Spending an appropriate amount of time in developing a sense of the participating group; addressing expectations and fears; building a common agenda and approach as well as discussing desired results and follow-through will pay handsome dividends and justify the time and expense involved.

Below, we offer some workshop ideas (based on previous study visit experiences) to support such workshops.  We have made extensive use of a report prepared by a group of teachers supported by (then) Birmingham DEC (now TIDE ~ Global Learning) in 1979 but have also used materials developed by Aidlink (for its immersion programmes in East Africa), WorldWise Global Schools, Self Help Africa (in its African Development Education projects) and by Concern Worldwide and 80:20 Educating and Acting for a Better World in their DE advocacy work focused on the UN in New York and on Aboriginal Rights in Australia.

Diarmuid Curtin and Jack O’Connor, winners of the Science for Development Award at the BT Young Scientists 2017, field-tested their seed planter in rural Malawi as part of a study visit organised by Self Help Africa.

Source: SelfHelpAfricaTV, Apr 10, 2018.

For suggestions and ideas in a variety of different contexts see:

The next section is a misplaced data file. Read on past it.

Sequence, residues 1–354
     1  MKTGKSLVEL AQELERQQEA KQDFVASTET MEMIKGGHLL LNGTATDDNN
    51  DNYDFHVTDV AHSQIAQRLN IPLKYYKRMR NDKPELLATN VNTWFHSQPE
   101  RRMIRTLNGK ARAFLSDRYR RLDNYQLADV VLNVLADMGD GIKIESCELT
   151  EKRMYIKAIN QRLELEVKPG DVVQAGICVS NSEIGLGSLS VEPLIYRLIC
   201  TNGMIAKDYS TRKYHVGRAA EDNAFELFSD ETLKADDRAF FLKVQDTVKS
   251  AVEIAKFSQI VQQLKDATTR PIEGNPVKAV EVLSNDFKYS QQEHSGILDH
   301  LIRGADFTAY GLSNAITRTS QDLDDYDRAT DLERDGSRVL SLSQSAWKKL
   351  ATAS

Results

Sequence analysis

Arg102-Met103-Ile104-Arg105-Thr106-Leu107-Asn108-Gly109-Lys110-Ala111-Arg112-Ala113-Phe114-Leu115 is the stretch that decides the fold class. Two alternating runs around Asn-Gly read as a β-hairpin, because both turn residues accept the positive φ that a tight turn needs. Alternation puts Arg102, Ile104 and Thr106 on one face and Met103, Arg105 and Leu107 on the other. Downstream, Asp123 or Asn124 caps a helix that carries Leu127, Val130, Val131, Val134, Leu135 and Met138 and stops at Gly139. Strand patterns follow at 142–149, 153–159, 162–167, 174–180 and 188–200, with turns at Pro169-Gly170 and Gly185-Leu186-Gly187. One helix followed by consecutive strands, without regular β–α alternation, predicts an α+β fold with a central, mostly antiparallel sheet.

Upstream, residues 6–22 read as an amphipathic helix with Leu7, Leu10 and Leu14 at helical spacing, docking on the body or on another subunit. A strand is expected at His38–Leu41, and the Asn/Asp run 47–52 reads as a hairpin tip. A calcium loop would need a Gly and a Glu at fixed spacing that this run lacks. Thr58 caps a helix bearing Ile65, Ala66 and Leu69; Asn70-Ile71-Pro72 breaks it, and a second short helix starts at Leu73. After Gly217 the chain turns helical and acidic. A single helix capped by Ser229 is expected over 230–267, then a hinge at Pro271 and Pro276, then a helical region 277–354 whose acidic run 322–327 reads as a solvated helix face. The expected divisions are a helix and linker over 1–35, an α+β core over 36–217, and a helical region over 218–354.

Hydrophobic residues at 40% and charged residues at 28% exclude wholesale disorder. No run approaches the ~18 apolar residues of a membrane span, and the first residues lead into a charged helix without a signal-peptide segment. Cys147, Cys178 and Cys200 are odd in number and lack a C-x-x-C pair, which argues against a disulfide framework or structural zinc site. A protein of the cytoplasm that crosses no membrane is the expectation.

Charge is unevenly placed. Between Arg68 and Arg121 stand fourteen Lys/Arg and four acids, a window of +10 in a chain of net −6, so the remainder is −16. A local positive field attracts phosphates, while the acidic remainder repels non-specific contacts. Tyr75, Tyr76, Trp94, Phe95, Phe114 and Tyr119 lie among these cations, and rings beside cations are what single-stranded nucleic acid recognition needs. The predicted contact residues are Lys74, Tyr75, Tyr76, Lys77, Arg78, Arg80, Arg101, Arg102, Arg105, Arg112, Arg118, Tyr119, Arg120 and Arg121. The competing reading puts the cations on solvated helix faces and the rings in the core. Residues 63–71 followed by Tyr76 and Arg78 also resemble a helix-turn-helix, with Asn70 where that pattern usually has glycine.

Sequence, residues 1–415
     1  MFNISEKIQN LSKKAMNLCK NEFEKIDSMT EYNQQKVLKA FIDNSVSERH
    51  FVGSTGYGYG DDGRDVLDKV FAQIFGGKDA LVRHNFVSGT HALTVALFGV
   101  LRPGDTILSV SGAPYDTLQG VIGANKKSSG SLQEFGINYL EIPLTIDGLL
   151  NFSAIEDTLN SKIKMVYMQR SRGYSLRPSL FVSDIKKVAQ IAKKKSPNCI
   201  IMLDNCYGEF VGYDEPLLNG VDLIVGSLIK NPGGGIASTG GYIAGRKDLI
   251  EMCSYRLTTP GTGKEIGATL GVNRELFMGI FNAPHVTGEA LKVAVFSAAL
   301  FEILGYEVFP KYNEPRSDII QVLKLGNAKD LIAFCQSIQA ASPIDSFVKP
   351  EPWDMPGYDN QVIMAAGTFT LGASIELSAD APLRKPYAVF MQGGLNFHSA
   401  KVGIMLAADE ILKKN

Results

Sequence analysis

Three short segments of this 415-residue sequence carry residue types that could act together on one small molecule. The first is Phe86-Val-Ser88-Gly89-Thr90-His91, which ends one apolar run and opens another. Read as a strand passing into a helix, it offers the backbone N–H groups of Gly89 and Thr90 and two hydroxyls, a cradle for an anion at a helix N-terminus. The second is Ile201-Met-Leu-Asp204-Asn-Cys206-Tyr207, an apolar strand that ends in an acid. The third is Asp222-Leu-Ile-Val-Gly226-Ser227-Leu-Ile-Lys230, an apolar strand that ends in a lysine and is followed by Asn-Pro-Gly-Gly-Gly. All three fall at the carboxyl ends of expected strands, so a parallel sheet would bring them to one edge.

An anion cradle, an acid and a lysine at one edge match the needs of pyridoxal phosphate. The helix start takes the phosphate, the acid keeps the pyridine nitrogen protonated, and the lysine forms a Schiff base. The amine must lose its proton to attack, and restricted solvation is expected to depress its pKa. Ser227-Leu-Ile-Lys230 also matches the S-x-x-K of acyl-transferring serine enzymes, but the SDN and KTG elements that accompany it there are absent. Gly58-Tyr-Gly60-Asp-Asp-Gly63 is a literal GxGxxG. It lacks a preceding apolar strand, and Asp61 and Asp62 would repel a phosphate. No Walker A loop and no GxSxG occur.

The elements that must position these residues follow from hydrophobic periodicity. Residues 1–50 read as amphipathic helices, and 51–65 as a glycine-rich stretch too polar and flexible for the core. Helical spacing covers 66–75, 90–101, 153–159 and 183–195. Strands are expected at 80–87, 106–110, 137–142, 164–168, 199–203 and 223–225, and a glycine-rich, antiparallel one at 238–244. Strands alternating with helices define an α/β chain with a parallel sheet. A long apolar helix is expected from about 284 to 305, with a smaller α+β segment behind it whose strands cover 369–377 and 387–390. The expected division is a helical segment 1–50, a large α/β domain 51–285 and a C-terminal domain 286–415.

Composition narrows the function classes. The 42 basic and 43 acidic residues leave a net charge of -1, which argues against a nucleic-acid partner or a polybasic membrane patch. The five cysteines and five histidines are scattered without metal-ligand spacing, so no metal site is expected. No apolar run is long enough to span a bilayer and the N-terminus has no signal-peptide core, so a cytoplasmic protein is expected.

A simple but effective model for a study visit is offered by the Birmingham Development Education Centre (DEC) in its report on a 1977 visit to Ghana by a group of teachers.

The report identified 3 main phases (these can also be applied to various components and dimensions of the study visit itself):

  • Climate: setting the climate for group learning and introducing the anticipated content and learning.
  • Enquiry: exploring and discussing the specific content of the project.
  • Synthesis: bringing together the project/visit experiences, discussing and debating their implications and developing future plans from them.
Graphic: ‘The model’, responding to challenges in designing courses for study visits. Source: Learning From Africa by TIDE

The report then usefully shares some key assumptions and perspectives of this model of learning – these are key to a successful outcome:

  • As participants are going to work and travel together, it is important that they know each other especially as regards developing mutual respect and trust and recognising the diversity within the group